The good ship Elizabeth

So today a bit about this ship. Launched 2010, the Queen Elizabeth was built at Fincanieri, Monfalcone Yard in Italy and is 294 meters long, with a beam of 32 meters and a draft of 7.9 meters. She rises up 55 meters from the waterline, holds 2092 passengers and about 100 crew for a ratio of 1 crew member for every 2 passengers. She can go 24 knots, but usually cruises somewhere around 19 knots. She burns 240 tons of heavy fuel every 24 hours. We were invited to cocktails with the captain last night (along with about 900 other people) and he told us that this trip the ship was sold out. The passengers come from 28 countries, with the most people (900 or so) from Great Britain, followed by America (500), then Germany. I’m not sure that I’ve ever seen so many men in kilts in one place before.

Tonight we met one of the chief chefs. He supervised 65 underchefs in one of the ship’s 12 kitchens. Overall the vessel has 165 chefs, he said. Meals are planned according to the nationality of the passengers. Cunard, he said, has figured out what people from different countries tend to order and plans its meals accordingly. They are so good at it, that on a night like tonight, they may end up with just five to 10 servings left over of any one dish.

While my mother and I have been taken aback by all the extra charges — for example, if you want to visit the bridge and the engine room be prepared to shell out $120 per person– we also have been amazed at the extent of the things this company will do. Today, we met officers on the deck who were preparing for a funeral service for someone who had asked that their ashes be thrown off the Queen Elizabeth in the middle of the Atlantic Ocean. Apparently this is not a rare thing. We said we hoped they threw the ashes downwind, and this officer said yes he had seen people try to do this upwind and end up wiping ashes off their faces.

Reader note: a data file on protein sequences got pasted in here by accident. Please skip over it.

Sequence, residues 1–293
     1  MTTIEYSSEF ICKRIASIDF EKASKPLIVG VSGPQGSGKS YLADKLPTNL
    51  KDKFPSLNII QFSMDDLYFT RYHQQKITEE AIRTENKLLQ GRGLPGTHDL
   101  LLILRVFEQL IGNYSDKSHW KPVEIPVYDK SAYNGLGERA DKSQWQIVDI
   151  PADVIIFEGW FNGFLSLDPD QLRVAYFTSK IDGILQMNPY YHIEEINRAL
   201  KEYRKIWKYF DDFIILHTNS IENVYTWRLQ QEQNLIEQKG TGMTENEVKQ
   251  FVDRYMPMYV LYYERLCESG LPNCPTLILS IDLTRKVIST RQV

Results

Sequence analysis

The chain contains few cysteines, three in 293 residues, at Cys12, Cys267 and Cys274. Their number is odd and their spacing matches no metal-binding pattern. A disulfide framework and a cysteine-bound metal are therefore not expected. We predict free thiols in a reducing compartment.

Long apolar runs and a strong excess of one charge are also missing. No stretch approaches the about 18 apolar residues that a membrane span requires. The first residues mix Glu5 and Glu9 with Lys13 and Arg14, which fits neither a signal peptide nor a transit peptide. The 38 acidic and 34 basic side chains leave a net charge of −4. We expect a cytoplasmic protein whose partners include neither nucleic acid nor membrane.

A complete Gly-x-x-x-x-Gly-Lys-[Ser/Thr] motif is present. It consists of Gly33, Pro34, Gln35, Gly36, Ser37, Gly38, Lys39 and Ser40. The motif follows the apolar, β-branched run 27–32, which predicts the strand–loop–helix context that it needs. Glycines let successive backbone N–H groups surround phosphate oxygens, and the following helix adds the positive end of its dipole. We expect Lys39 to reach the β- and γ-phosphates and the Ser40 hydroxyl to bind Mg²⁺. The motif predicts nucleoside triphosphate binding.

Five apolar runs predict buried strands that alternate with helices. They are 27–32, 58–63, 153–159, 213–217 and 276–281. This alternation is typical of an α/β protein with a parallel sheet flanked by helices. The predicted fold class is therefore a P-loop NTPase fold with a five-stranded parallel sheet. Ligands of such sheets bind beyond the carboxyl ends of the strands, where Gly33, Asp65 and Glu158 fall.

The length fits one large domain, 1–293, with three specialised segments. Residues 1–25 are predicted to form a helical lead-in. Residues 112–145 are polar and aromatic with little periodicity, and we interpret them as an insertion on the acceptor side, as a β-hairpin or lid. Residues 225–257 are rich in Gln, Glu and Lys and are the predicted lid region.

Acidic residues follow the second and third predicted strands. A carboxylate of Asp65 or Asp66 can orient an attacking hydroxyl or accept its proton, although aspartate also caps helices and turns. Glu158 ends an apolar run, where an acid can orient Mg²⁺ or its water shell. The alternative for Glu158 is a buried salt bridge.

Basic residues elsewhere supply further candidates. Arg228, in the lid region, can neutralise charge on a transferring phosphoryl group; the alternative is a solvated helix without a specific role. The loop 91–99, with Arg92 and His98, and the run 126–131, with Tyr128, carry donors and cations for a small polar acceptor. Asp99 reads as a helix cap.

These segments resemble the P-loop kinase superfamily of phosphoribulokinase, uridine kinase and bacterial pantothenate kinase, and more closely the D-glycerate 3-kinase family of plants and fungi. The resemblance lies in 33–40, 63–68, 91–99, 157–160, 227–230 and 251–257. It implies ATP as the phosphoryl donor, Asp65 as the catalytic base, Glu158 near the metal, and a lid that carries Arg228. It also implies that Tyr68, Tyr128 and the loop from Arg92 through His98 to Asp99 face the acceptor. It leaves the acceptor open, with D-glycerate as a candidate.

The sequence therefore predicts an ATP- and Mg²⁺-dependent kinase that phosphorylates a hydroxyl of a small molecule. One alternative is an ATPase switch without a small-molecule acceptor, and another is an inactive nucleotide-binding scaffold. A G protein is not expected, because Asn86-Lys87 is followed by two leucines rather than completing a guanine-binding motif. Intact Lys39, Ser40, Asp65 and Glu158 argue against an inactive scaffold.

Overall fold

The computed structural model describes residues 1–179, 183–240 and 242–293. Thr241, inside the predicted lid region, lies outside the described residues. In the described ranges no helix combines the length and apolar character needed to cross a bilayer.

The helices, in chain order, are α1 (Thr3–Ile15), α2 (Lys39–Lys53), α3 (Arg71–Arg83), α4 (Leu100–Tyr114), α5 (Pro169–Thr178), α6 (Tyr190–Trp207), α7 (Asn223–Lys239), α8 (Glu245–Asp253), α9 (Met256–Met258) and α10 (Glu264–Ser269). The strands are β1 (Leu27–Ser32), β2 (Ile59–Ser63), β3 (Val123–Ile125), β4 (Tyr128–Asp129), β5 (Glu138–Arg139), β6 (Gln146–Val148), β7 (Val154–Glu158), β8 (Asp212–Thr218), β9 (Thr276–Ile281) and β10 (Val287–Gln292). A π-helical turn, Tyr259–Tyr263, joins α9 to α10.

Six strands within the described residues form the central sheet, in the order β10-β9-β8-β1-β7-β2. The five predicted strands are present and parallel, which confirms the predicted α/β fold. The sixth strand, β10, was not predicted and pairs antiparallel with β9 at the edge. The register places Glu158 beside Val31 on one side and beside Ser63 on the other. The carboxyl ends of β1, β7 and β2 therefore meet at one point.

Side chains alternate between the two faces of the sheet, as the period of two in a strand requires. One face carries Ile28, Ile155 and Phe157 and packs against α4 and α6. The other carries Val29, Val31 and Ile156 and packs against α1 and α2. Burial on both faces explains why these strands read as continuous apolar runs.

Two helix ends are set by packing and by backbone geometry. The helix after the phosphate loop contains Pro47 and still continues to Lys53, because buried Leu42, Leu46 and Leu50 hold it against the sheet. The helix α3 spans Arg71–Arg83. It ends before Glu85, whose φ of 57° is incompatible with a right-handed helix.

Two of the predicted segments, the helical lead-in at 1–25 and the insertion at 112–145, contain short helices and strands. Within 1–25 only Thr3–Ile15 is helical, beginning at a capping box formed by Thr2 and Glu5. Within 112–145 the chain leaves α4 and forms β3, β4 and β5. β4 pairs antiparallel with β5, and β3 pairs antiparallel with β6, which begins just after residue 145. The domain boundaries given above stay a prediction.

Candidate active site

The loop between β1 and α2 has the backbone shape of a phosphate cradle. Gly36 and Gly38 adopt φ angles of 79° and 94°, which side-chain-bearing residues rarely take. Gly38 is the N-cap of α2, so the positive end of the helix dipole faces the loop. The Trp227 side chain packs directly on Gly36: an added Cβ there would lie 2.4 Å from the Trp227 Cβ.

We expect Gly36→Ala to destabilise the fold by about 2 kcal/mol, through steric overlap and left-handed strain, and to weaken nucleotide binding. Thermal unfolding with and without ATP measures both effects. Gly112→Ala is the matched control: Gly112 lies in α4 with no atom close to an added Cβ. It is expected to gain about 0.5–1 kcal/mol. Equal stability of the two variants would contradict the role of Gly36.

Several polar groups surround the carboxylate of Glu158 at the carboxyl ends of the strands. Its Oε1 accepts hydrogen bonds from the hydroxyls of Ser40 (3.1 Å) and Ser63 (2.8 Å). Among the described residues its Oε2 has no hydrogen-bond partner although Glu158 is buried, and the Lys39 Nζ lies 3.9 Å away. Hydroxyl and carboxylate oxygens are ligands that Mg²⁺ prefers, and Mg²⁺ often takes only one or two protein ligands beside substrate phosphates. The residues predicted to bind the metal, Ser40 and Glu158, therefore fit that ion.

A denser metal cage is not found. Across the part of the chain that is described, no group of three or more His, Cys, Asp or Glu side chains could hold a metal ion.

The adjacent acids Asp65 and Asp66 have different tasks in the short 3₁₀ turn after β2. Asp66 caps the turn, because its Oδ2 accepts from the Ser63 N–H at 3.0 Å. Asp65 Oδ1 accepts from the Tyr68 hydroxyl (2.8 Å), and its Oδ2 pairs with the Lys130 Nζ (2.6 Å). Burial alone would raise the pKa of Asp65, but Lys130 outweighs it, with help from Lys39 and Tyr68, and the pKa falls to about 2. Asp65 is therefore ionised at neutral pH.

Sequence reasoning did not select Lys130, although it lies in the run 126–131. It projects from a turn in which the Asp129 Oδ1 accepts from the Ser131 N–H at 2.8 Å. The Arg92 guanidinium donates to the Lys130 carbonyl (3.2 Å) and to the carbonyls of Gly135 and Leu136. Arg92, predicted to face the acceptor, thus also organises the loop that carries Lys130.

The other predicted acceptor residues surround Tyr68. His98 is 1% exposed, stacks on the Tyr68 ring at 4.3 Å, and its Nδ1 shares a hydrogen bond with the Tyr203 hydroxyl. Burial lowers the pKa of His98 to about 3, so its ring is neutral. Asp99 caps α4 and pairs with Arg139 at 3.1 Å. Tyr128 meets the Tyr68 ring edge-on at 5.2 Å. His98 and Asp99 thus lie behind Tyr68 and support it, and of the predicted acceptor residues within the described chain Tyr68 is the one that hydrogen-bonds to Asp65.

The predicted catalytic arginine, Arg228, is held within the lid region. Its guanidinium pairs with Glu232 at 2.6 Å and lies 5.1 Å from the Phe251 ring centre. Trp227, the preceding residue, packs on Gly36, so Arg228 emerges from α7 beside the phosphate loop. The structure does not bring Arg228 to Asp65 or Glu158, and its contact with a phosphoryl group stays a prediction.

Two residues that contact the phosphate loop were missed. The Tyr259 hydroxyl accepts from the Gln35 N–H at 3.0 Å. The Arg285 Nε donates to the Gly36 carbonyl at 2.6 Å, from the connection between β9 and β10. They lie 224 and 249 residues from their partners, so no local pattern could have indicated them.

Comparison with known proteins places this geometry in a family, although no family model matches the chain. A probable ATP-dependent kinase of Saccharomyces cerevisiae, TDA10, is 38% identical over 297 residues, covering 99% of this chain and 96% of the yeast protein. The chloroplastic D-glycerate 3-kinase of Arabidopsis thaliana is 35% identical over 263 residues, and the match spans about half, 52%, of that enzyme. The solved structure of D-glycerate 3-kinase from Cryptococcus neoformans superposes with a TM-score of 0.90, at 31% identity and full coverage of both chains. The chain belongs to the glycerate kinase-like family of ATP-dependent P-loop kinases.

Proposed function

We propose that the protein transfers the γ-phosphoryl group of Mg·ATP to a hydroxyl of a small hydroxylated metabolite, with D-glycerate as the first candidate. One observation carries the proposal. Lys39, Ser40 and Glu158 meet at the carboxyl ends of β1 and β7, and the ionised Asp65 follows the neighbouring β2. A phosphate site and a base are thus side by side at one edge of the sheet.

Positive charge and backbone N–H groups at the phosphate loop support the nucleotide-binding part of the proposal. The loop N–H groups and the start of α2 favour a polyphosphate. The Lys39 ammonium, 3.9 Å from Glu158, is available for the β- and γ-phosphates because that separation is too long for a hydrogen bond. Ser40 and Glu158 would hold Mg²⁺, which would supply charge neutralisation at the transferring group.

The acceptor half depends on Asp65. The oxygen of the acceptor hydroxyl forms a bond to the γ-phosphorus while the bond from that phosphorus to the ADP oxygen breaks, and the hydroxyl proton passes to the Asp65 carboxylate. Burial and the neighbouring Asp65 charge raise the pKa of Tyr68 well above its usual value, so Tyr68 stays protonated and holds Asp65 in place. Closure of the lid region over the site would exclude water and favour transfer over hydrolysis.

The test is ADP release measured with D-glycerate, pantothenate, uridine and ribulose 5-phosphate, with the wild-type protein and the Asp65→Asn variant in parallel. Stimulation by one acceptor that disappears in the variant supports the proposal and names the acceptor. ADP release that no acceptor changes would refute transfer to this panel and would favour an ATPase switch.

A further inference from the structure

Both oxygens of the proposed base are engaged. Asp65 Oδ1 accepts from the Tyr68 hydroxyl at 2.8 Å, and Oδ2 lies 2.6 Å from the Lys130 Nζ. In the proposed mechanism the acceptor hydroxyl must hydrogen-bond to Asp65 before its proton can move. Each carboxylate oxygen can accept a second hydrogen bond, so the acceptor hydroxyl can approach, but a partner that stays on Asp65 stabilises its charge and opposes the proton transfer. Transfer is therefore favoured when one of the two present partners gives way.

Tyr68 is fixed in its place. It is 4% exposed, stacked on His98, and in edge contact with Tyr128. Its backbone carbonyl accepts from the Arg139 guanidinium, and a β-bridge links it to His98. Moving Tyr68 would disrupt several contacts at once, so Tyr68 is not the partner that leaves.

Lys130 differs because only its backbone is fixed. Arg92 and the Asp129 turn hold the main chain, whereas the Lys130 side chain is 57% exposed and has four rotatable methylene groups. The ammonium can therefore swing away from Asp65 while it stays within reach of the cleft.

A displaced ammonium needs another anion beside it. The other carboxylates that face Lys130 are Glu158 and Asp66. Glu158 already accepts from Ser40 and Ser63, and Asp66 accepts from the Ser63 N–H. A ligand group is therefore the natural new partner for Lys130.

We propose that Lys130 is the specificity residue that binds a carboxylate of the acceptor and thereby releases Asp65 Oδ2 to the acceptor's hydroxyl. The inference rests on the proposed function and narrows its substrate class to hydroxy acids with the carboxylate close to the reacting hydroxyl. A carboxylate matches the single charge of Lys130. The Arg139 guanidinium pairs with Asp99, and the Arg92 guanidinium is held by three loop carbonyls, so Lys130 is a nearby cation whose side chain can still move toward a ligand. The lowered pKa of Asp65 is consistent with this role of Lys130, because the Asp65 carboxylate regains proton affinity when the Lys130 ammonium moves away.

Lunchtime today we hit the halfway mark between New York and Southampton. We have travelled 1,650 nautical miles. The wind has dropped and the sun is trying to come out. Hard to believe this is the North Atlantic in winter. Still some people on board are seasick. We went to hear a piano concert this afternoon. The pianist played one song and then stood on the front of the stage and told us all he could not continue because he felt ill. Still there are other people who apparently think they are in the tropics. They are swimming in the outdoor pools, rolling back in forth with the water in the pool as it shudders in the swells.

As I look out at the waves rolling by and feel the gentle swell under the ship, I keep on wondering what Samuel de Champlain who did this 27 times would be thinking now. We did see a seagull flying around the ship. I wondered what kind f gull it was and went to check in the library. Most likely it was a kittywake. We also learned today that the ship plots its course according to something called circle sailing. Apparently taking the circular route is faster than going in a straight line because it follows the curve of the earth.